Companies have shifted their focus from an inside-out centric approach to a customer-based approach. They identified a need to understand who was buying their product which has led to the creation of a new job: the Chief Customer Officer. According to the Chief Customer Officer Council, the role of the CCO is to solve lasting customer problems, build a long-term competitive advantage, retain loyal customers, and create a strategy to help increase customer profit.
Additionally, companies are competing on the customer experience and need to align their organization with the customer so they know how to execute it. That requires a high level of coordination. As Hernandez says, “It’s very much an influence job, and it’s a tough job, but it’s a required job and a needed job.”
The Customer-Centric Experience (4:59)
You’ll hear a company say they need to deliver a great customer experience. I need to wow my customers. I think you have to deliver the right customer experience. You have to set the expectations, you need to manage the expectations, and then you deliver on the promise that you made.
The KPMG Six Pillars of Customer Experience Excellence feature the six things companies should focus on to deliver excellent customer experiences. Focusing on those six pillars empowers companies to “endear more repeat business, more loyalty, and sometimes even more advocacy and that’s really good for the business,” says Hernandez.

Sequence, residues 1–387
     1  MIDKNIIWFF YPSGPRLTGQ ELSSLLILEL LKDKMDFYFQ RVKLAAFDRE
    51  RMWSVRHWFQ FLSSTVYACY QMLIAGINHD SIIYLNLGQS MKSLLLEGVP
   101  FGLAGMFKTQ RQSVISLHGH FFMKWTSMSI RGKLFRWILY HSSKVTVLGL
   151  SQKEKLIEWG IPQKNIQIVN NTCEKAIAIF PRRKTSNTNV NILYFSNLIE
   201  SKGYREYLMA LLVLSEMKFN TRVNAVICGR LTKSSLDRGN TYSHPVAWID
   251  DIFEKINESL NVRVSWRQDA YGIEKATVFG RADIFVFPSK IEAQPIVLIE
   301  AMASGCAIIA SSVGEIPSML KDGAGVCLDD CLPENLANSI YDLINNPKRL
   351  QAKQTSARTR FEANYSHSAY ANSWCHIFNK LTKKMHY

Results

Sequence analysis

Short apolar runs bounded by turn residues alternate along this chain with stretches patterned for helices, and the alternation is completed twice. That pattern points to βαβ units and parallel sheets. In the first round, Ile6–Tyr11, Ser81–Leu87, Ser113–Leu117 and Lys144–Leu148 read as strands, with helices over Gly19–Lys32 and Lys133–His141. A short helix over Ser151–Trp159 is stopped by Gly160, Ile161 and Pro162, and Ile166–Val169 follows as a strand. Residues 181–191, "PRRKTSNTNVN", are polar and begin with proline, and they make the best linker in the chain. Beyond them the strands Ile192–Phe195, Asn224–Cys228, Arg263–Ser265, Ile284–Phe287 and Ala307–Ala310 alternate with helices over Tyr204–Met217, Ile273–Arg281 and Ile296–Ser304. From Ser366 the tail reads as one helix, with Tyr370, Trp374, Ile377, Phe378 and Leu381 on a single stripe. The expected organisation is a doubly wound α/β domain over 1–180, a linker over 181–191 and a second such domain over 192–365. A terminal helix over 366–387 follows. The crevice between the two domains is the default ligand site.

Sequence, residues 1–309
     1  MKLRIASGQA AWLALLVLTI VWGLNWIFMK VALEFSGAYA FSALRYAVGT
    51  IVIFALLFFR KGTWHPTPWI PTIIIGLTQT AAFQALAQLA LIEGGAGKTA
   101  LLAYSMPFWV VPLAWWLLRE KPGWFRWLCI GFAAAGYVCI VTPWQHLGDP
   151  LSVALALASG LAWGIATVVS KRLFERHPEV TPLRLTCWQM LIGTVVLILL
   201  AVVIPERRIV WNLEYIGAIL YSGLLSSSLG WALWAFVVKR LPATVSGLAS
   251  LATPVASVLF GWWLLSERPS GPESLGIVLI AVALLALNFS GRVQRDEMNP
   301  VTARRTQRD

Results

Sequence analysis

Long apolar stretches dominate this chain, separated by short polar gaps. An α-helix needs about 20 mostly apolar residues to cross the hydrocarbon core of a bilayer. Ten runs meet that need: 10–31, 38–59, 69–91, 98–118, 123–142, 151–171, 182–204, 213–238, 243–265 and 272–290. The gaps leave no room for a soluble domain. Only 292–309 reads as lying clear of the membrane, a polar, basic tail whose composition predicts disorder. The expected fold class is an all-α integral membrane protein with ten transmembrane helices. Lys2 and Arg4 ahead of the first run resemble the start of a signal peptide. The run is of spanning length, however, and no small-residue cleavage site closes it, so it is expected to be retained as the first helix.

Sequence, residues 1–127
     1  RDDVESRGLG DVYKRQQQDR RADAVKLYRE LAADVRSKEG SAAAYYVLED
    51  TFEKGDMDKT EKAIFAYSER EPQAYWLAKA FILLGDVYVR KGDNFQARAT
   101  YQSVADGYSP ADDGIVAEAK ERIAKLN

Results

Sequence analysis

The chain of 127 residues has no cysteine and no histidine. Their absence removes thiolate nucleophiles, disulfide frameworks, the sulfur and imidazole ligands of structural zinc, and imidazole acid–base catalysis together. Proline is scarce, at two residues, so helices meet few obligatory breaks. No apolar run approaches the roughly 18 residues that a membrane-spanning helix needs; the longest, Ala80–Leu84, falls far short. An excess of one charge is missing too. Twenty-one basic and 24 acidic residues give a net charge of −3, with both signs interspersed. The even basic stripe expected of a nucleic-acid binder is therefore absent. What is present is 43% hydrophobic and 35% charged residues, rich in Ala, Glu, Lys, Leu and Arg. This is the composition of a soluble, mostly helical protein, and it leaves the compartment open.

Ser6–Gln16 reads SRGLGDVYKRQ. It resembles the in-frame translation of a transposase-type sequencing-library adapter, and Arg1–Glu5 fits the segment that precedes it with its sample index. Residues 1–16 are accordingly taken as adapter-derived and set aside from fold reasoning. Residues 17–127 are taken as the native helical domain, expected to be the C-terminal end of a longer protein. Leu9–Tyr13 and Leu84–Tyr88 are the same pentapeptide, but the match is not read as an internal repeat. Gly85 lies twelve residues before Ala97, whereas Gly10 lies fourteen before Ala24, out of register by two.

This is especially true during the pandemic. In fact, KPMG found “that leading companies are the ones most able to continue interacting with their customers in spite of Covid-19.” With the forced move to online and digital experiences, costs have increased for companies to implement and strengthen their technologies that deliver a great customer-centric experience.
A recent report from Forrester Research found that companies which fail to adopt customer-centric marketing will be left behind. Those that have done it well have taken different steps to improve the customer experience in order to deliver an intentionally designed experience that will foster both customer engagement and loyalty.
The Five W’s (8:40)
What’s their motivation? How do I connect with them? How do I grab their attention? What do they have in their wallet? And how do they value their time? A combination of all of those is a great way to understand who the customer is and then design experiences that make sense.
The top consumer-centric companies have turned their gaze inward to realign their work to serve the customer. “We’ve got to do right by our customers,” Hernandez says. “We’ve got to do right by our employees. And we’ve got to deliver on the promise that we made to the customer into the marketplace.”
Starting from the C-Suite, the company’s mentality has to be one of serving the customer, not the corporate office. Each of the top consumer-centric companies, according to a KPMG 2020 study, is founded on “understanding their customers’ circumstances and acting in their customers’ best interests,” along with their attitude toward both customers and employees.
This episode of Velocitize Talks was originally recorded in 2019 in NYC. It has been updated accordingly.